Wednesday 22 April 2015

Hunting For NDB's In CLE193

SN-408 courtesy: Alex Wiecek

It's CLE time once again! For you low-frequency buffs, another challenge awaits. This months frequency range covers the high end, 400-419.9 kHz. Perhaps you can log little 13-watt SN (St. Catherines, Ontario) on 408kHz, last logged here in February 2014.

Conditions have been up and down so lets keep our fingers crossed for some good propagation.

From CLE coordinator Brian Keyte (G3SIA) comes the following reminder:

"Our 193rd co-ordinated listening event starts on Friday. After the Navtex
CLE last month, this is a gentle return for us to normal NDB listening.
Do join in even if you only have an hour or so to spare over the weekend.

Days: Friday 24 - Monday 27 April 2015
Times: Start and end at midday your LOCAL time
Range: 400 - 419.9 kHz

Just log all the NDBs you can identify with nominal (listed)
frequencies in the range - it includes 400 kHz, but not 420 kHz -
plus any UNIDs that you come across there.

Please send your CLE log to the List (no attachments and ideally in a
plain text email) with CLE193 at the start of its title. Show on each line:

# The Date (or Day No: 24 to 27)
# The Time in UTC (the day changes at 00:00 UTC).
# kHz - the nominal published frequency, if known.
# The Call Ident.

Please show those main items FIRST. Any other optional details such
as Location and Distance go LATER in the same line.
If you send any interim logs, please also send a 'Final' (complete) one.
And, of course, tell us your own location and brief details of the
equipment that you were using during the Event.

I will send the usual 'Any More Logs?' email soon after 17:00 UTC
on Tuesday so that you can check that your log has been found OK.
Do make sure that your log has arrived on the List by 08:00 UTC
on Wednesday 29 April at the very latest.
The combined results should be completed on that day.

You can find full details about current and past CLEs from the CLE page including access to the CLE193 seeklists
for your part of the World prepared from the loggings on Rxx.

Good listening - enjoy the CLE.
From: Brian Keyte G3SIA: <ndbcle'at'>

Location: Surrey, SE England (CLE co-ordinator)

(If you would like to listen remotely you could use any one remote
receiver such as for your
loggings, stating its location and owner and with their permission
if required. A remote listener may NOT also use another receiver,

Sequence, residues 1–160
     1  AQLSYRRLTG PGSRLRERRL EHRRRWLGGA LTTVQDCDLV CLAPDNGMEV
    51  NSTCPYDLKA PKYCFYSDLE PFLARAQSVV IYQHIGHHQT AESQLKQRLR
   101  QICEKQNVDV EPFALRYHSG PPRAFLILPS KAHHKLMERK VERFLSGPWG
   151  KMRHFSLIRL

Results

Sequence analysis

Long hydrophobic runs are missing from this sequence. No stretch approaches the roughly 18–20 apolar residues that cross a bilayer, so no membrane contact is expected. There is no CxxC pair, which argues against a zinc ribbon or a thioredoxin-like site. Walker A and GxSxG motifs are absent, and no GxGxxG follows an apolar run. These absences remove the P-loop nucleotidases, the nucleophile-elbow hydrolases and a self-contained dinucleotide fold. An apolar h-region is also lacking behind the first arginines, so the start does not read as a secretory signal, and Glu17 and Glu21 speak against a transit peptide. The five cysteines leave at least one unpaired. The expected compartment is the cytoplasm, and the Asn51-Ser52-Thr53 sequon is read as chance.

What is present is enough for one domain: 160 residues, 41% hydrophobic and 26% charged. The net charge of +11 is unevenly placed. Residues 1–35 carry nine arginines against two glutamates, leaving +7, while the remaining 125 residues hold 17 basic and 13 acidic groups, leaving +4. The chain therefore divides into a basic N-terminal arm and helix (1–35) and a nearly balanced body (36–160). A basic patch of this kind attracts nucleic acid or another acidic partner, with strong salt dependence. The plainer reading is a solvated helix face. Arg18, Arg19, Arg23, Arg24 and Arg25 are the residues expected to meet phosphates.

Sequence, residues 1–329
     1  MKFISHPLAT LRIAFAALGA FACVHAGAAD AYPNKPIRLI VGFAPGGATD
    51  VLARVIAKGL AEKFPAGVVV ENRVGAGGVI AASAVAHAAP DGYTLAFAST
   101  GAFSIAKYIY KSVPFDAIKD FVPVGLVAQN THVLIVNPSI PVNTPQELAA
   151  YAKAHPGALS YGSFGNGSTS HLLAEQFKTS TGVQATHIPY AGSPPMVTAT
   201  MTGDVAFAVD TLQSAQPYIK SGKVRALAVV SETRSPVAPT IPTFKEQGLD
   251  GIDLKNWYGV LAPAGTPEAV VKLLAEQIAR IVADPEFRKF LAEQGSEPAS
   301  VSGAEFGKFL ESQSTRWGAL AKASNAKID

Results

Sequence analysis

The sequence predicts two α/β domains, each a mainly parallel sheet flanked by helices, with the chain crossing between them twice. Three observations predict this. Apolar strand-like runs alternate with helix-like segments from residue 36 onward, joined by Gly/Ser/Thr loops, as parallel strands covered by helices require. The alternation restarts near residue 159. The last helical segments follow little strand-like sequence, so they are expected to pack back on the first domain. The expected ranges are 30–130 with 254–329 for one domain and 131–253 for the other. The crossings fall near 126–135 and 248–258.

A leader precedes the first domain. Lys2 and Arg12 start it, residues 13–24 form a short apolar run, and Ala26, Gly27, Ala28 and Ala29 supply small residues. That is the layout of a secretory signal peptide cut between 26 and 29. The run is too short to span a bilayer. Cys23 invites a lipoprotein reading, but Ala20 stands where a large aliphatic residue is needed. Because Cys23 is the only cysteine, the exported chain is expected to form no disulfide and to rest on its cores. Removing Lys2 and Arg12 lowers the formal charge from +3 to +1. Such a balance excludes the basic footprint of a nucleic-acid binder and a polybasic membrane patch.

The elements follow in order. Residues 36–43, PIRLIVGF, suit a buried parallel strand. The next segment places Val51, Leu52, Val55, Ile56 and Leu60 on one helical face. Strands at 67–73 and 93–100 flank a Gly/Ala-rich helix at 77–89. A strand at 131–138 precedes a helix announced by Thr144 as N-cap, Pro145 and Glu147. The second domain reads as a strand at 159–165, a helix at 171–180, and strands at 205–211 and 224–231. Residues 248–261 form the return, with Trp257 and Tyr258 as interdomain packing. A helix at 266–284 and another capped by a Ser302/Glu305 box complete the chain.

local or remote, to make further loggings for the same CLE)"


These listening events serve several purposes. They:
  • determine, worldwide, which beacons are actually in service and on-the-air so the online database can be kept up-to-date
  • determine, worldwide, which beacons are out-of-service or have gone silent since the last CLE covering this range
  • will indicate the state of propagation conditions at the various participant locations
  • will give you an indication of how well your LF/MF receiving system is working
  • give participants a fun yet challenging activity to keep their listening skills honed

Final details can be found at the NDB List website, and worldwide results, for every participant, will be posted there a few days after the event. If you are a member of the ndblist Group, results will also be e-mailed and posted there.

The very active Yahoo ndblist Group is a great place to learn more about the 'Art of NDB DXing' or to meet other listeners in your region. There is a lot of good information available there and new members are always very welcome.

If you are contemplating getting started on 630m, listening for NDBs  is an excellent way to test out your receive capabilities as there are several NDBs located near this part of the spectrum.

You need not be an ndblist member to participate in the CLEs and all reports, no matter how small, are of much value to the organizers. 'First-time' logs are always VERY welcome!

Reports may be sent to the ndblist or e-mailed to either myself or CLE co- ordinator, Brian Keyte (G3SIA), whose address appears above. give the CLE a try....then let us know what NDB's can be heard from your location! Your report can then be added to the worldwide database to help keep it up-to-date.

1 comment:

Anonymous said...

Great stuff! I've been waiting for an opportunity to try out my new wire antenna on NDB frequencies considering how well it performs on MW. Hopefully propagation will hold for this weekend